When comparing the incentive structures for basketball or football players to break the rules to those for baseball players, the primary difference is the option a baseball player has to opt out of college and the significant costs of attending a university. A player may enter the Major League Baseball draft at a few points—immediately before college, after each year of junior college, or after his junior year at a four-year university. Moreover, he knows his value before he signs, thereby making the ‘bribe’ boosters or a college coach must offer explicit. In addition, his personal cost of attending college is up to three years of lost MLB revenue, thereby dramatically increasing the personal cost of taking a bribe or cheating prior to coming to campus or during his freshman season. Unlike in the cases of O.J. Mayo or the fine young men at Memphis, a baseball player can’t take the monetary spoils potentially offered during his first year and then immediately bolt to the draft if he attends a four-year. The option to forego college raises the explicit cost of attendance, while the three-year requirement forces the player to stay on their best behavior or be sent into a Maurice Clarett-esque no-man’s land.
BP's in-house guru takes his shot at projecting how team's top picks go next week.
1. Washington Nationals: This is now a no-brainer. Over the course of the spring, we've slowly gone from "Will they take Harper?" to "Will they sign Haper?" to "How much will they pay Harper?" He's going No. 1, and you could even end up seeing a creative deal that, on paper, gets him more than Stephen Strasburg received.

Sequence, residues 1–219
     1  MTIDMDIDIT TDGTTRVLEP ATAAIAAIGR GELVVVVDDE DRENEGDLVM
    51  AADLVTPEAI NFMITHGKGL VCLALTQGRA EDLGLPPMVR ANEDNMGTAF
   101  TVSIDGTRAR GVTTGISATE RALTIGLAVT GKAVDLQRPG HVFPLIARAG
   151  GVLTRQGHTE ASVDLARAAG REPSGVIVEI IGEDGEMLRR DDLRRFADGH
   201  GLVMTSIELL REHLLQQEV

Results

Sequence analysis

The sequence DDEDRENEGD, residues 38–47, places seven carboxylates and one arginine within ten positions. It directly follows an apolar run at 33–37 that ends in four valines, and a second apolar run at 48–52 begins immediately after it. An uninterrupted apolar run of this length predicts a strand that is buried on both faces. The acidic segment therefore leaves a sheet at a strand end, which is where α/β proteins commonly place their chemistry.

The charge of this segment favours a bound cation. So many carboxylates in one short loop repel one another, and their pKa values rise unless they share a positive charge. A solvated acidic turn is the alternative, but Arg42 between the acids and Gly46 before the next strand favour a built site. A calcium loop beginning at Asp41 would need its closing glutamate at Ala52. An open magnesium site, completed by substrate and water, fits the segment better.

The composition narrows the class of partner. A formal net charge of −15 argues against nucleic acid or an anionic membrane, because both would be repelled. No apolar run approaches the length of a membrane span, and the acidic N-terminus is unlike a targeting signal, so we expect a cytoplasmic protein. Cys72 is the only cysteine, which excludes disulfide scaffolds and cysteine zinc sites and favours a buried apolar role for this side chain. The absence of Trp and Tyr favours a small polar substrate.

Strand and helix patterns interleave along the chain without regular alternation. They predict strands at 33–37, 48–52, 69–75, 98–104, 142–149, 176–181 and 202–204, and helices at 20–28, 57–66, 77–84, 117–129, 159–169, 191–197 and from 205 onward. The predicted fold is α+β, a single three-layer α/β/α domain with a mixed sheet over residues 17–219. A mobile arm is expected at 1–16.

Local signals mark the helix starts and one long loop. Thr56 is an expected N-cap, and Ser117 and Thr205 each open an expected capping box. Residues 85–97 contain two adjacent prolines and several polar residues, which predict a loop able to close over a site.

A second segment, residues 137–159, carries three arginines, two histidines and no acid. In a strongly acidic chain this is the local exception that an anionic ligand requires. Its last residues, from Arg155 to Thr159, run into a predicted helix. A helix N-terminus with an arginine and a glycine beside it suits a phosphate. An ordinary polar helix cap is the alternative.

One expert's educated guesstimate on how things will go down later today.
This one could be a mess folks, and it's all about bonus demands at this point. Right now, you have as many as four high school pitchers-Jacob Turner, Tyler Matzek, Matt Purke, and Shelby Miller-looking for big, big money, with the first three all telling teams they're looking for Rick Porcello-level deals (or more). This has the potential to blow the first round wide open, and turn it into into a very college-oriented first 30 picks, with numerous top talents falling to later picks than initially expected. One team picking in the top ten I spoke to this morning said he still had very little idea of who was going to be picked ahead of his club's choice.